Allergies—both allergic rhinitis and delayed food sensitivities—can be another fatigue-causing factor. Recent studies are suggesting that food allergies appear to be an important triggering event in chronic fatigue syndrome and fibromyalgia.

In my clinical practice, I also have noted that energy levels often increase in fatigued patients who eliminate offending foods from their diets. Therefore, I always work to identify “hidden” food sensitivities. Delayed food allergies can contribute to digestive problems, body aches, headaches and symptoms typically not associated with classic allergy symptoms. If you have tried everything else to get to the bottom of your fatigue, depression, stress, body pain, foggy thinking, it is time to look at food intolerances.

Food allergies/sensitivities also play a large role in the amount of suffering a person experiences with seasonal allergies. What happens in the upper respiratory system is often a direct reflection of what is going on in the “gut.”

Testing for hidden food allergies can be done at home via a test kit available through our office. Once you make the right identifications, you will know what foods to avoid to produce dramatic results. There are also nutrients that can be used when you cannot avoid exposure to offending foods.

Nutrient Deficiencies and Environmental Toxicity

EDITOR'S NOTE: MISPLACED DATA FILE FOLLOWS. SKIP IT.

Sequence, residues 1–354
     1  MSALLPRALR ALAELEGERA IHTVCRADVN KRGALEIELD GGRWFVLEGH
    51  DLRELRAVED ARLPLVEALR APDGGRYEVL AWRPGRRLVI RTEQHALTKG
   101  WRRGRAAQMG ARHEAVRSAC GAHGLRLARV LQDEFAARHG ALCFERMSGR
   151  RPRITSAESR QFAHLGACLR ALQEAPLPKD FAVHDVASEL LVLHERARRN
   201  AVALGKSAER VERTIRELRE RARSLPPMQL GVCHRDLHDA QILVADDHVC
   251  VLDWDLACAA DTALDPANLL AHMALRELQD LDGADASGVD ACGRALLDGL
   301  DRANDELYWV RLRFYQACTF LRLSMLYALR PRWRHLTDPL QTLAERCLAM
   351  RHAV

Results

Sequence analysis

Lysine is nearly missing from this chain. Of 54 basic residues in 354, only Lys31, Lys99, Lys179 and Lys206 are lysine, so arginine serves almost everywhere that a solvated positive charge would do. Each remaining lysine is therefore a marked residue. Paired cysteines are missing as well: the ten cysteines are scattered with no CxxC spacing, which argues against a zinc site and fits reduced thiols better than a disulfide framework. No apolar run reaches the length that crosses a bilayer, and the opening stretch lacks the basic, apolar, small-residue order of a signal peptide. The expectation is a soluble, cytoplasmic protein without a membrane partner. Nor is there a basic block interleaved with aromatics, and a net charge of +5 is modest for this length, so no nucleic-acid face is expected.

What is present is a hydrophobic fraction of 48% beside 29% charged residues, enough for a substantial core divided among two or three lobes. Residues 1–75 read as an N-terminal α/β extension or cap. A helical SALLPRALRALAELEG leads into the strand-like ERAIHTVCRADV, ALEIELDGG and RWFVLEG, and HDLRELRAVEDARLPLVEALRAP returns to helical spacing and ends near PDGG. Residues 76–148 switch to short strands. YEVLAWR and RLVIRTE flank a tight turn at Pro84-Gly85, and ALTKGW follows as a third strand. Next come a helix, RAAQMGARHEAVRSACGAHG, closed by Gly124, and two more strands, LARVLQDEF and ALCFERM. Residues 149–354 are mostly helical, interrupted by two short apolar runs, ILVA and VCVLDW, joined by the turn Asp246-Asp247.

When the body is not receiving enough of a particular nutrient or is overburdened with environmental pollutants, this can take a huge toll that compromises energy levels. Additional stress on the body produced by excess toxicity, reduces the body’s ability to absorb nutrients from food and supplements. Therefore, in my clinical practice, I recommend all my fatigued patients take an organic acid test that also checks for environmental pollutants.

Organic acid testing, which I also routinely use to help my patients, is also available at Synergetics Health & Wellness, and is important for those seeking to fine tune or increase a supplement program’s effectiveness. The client receives specific recommendations of vitamins, minerals, nutrients and amino acids and dosage suggestions.
The organic acid test also looks for detoxification markers that help us see how effectively the client is able to remove environmental toxins from their system.

Other Factors

Fatigue can be a side effect from various pharmaceuticals such as statin drugs, blood pressure medications and antidepressants so be sure to check the information that comes with your prescriptions, and have a detailed discussion with your care giver about this.

Additionally, a diet overloaded with processed food, refined carbohydrates and sugar can make a person feel sluggish. Dehydration is another important factor in low energy levels. Drinking 64 ounces of water every day is essential to enhance energy levels.


When trying to determine the reason for fatigue, the only approach one can take is to begin eliminating potential causes. By playing detective and looking at all the factors mentioned above, the reason why a person is fatigued will likely become apparent and steps can then be taken to eliminate exhaustion.